Remedy: Employees in your IT department need to understand the job roles of those around them. It’s your job as leadership to engage the team in an interdisciplinary approach when it comes to understanding the whole process. The same Data Modeler described above needs to understand the workings of the System Administrator’s daily routine. This same principle should be applied across all roles on the team. These links between roles create a stronger IT department that can keep up with the practical demands of modern business. A lack of applied experience becomes alleviated with each bit of information that employees share with one another.
3. Scalability is not where it needs to be.
2013 is interesting for business because growth can be extremely unpredictable. While it’s still difficult to build thriving businesses, it can happen a lot quicker nowadays with an internet-driven society. People hear about and buy into interests much faster than they used to be able to, thus fueling business in many different niches. With the volatile marketplace and the nearly limitless potential, IT departments are often caught in a flux of data management and networking.
These IT teams are in a tough place because they have to adjust to massive growth swings. The information requirements usually adjust according to operation size and growth, and this puts added pressure on IT teams to produce at equivalent rates. If a business grows incredibly fast over a six month period, and their IT provider is internal, there could be trouble brewing. This is called a lack of scalability. IT departments, primarily but not limited to those that are internal and not outsourced, have trouble growing at the pace that increased demands require. Whether it’s the hardware or software, IT departments around the country are finding that they don’t have the physical means to manage substantial growth. Whether a department needs to look outside company walls for managed hostingor simply reorganize resources, something has to give.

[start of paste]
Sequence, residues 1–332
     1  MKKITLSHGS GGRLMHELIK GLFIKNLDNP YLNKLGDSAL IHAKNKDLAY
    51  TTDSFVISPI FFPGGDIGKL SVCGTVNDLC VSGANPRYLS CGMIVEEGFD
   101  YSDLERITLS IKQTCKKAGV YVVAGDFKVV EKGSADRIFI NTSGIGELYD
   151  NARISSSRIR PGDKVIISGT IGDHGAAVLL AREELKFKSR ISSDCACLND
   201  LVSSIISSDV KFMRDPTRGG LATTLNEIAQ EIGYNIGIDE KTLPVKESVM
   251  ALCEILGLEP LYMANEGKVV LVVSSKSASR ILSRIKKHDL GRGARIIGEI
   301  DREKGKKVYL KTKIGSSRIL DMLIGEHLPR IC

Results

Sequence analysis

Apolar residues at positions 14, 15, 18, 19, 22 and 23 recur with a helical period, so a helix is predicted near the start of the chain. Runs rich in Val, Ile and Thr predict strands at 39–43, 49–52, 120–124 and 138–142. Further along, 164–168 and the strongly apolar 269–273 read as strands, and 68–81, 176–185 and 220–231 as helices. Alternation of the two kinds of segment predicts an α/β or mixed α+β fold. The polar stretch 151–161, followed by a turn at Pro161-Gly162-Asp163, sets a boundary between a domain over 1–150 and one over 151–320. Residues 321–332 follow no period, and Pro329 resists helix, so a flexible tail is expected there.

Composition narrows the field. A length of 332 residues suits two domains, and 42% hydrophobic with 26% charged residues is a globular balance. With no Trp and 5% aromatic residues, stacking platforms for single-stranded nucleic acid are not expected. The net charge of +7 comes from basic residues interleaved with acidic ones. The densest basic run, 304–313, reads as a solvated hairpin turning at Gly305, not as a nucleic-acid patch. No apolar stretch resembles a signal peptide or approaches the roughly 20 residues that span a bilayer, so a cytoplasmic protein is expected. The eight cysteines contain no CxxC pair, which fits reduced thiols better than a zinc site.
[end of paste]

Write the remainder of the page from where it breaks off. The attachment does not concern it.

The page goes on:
Remedy: As leadership, you should consider more scalable options when forming an IT department. It’s important to start early, and anticipate growth. It’s always easier to plan for more than try and cram more into less. If you aren’t exactly sure about the amount of information management and networking that will be required, consider an outsourced option or an expansive, well-organized internal option.
As with anything involving business in 2013, there will be shortcomings. IT departments are no different, but they are important enough that care should be taken to remedy the issues before they gain traction. If you are a CIO or IT manager, consider the marketplace and the volatile economy we live in before making any concrete decisions.
Reanna Gutierrez is the Product Marketing Manager for OneNeck IT Solutions, which offers hosted application management as well as managed IT services. She has over 8 years of marketing experience in the tech industry, and she is a regular contributor to the OneNeck blog.